Of course, unschooling isn’t for everyone. Parents may want to explore other homeschooling methods, while others may have a set plan in mind. The wonderful thing about homeschooling is that there are no wrong decisions, as long as you keep your child involved during the process.
In summary, deschooling is a process that nearly every child – and parent! – will go through when transitioning from school to homeschooling. Unschooling, on the other hand, is a potential path that deschooling may lead you down. Do not be afraid to experiment and try new things with your child! Homeschooling is a learning experience, but it is also a fun one. Time4Learning offers a flexible curriculum for all grade-levels that can start, stop, or pause at any time. We strive to make your transition from school to homeschool as seamless as possible.
I have custody of my grandsons, it was causing issued in public school for the oldest, which is almost 12. I withdrew him from public school when he was going into 3rd grade. It was extremely hard for him, and me because he was expected to get so much done per day, and it was an all-day and into the evening every night. So I’ve been teaching him, and also paid someone to teach him, but I’ve put a lot of time trying to find what would be the best option for him. I’ve read a lot about unschool, and I truly believe this will help my grandson axseed, and feel better about himself. I have a lot of books, I also have the books for each subject in regular school, I also downloaded a lot of things that will help both of us. I don’t gave a computer anymore, so if you can lead me in the right direction for who I could get in touch with to hopefully get one for him that will accept monthly payments in it cause I get paid on the 3rd cause im on disability. And if you could please let me know how much itIs , and get him started on unschool I would really appreciate it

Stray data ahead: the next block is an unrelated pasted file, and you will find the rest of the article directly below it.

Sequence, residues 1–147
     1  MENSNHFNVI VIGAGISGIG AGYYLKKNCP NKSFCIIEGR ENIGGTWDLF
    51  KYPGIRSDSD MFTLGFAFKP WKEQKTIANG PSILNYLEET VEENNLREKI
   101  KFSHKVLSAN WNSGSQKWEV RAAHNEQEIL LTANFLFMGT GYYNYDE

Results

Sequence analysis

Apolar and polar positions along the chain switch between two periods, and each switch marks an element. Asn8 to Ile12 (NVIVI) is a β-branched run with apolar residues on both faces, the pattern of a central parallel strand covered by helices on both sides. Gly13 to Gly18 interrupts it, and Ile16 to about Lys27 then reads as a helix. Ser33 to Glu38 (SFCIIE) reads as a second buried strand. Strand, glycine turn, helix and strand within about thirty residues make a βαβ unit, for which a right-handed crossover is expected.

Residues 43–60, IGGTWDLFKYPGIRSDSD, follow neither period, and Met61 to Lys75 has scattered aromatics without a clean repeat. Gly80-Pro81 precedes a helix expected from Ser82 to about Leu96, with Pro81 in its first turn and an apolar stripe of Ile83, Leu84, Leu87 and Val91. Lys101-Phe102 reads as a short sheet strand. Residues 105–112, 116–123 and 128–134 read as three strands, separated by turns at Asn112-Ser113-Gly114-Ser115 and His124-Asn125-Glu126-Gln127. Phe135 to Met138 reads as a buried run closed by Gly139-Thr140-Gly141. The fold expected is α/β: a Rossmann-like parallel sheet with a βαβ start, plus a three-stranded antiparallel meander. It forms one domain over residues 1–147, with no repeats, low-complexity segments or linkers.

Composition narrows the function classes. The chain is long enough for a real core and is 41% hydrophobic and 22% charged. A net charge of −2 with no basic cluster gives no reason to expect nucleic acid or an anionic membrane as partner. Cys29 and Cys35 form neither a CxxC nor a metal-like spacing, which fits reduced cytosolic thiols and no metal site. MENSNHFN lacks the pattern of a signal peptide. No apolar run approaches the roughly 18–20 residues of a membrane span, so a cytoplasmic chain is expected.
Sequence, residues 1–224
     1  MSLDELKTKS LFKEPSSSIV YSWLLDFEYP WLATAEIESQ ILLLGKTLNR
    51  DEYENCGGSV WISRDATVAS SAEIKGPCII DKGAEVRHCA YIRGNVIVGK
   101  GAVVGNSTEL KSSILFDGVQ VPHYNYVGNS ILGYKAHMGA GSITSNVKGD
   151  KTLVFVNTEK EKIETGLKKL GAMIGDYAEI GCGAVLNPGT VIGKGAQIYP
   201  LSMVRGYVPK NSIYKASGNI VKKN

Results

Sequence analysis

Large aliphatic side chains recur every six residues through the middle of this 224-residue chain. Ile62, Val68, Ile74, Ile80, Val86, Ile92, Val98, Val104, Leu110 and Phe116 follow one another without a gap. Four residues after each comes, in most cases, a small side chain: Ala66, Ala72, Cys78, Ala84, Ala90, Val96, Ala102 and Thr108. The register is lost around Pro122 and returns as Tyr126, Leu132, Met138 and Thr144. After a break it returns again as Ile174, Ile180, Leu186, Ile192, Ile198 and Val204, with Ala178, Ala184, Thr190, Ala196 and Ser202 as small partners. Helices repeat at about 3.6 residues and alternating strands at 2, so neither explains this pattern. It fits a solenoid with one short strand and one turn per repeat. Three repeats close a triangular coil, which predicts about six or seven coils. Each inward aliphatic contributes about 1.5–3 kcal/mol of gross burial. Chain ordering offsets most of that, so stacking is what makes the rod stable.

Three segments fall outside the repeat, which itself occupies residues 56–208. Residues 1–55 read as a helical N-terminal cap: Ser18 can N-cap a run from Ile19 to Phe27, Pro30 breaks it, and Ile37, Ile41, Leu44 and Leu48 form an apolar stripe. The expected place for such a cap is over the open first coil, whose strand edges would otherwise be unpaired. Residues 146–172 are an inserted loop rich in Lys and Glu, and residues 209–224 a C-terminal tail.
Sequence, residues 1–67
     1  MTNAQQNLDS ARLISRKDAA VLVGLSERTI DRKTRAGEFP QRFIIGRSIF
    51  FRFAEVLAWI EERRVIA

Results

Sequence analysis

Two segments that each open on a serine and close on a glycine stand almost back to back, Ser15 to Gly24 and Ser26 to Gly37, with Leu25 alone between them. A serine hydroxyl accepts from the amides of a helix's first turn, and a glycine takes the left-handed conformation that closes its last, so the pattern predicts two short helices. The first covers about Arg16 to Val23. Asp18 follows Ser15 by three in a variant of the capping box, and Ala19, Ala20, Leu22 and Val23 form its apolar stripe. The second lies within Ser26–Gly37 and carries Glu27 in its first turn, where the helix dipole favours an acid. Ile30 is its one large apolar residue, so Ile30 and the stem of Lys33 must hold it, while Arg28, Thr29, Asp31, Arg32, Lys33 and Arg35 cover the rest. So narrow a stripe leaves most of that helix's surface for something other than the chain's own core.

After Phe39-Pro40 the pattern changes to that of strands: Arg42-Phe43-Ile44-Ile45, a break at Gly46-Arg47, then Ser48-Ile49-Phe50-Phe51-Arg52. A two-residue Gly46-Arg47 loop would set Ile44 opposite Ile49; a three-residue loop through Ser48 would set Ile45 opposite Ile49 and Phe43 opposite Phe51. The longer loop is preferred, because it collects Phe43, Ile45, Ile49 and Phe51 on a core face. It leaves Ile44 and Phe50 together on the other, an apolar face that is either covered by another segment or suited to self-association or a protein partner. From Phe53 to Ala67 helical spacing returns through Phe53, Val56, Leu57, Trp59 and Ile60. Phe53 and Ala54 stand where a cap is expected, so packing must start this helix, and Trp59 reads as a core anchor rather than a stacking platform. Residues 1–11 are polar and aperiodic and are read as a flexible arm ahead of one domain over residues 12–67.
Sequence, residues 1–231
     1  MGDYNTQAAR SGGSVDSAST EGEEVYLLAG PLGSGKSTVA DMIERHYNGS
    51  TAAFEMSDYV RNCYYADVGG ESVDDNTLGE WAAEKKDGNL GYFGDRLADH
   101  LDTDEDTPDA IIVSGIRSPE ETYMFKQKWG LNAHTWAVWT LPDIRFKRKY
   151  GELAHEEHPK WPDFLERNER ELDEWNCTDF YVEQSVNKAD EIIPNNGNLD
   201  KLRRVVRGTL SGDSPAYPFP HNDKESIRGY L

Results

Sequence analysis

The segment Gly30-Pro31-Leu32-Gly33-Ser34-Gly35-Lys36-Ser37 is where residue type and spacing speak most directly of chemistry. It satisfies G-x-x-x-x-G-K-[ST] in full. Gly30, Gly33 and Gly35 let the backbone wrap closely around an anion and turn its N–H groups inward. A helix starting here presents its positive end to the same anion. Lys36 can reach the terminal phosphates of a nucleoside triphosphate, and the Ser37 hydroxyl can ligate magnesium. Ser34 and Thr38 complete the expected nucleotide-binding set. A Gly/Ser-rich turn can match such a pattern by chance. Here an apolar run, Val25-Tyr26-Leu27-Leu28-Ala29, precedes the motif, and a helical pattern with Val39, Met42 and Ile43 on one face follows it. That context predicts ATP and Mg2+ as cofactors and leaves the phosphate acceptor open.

Thanks so much for stopping by and sharing your story, Jeanette! Unschooling is a popular method of homeschooling. Here is some more information about that: https://www.time4learning.com/homeschooling-styles/unschooling.html
As far as computers go, many retailers have wonderful sales during back-to-season. Keep an eye for any sales ads!
If we can answer any additional questions, please don’t hesitate to reach out to us! https://www.time4learning.com/curriculum/contact_us.php
Making the decision to homeschool my 9 and 12 year old boys who have been in public schools for the entirety of their school age. Trying to discover where to start. Thanks!
Thanks for stopping by, Sasha! We’re happy to try and help. In addition to all the information you can find on our blog here, we wanted to let you know that we have a great ebook you can download (for FREE), called Welcome to Homeschooling. It’s a wonderful guide to help you get started. 🙂 https://www.time4learning.com/homeschool/how-to-homeschool.shtml
Please don’t hesitate to reach out to us if we can answer additional questions! https://www.time4learning.com/curriculum/contact_us.php
Interested in homeschooling
Hi Farida! Here are some links to get you started:
Also, please consider registering for our parent forum (https://www.time4learning.net/) and joining our Time4Learning Families Group on Facebook (https://www.facebook.com/groups/Time4LearningFamilies/) to connect with other homeschoolers and Time4Learning members.
Good luck on starting your homeschool journey! Feel free to reach out if you have more questions or would like more help! 🙂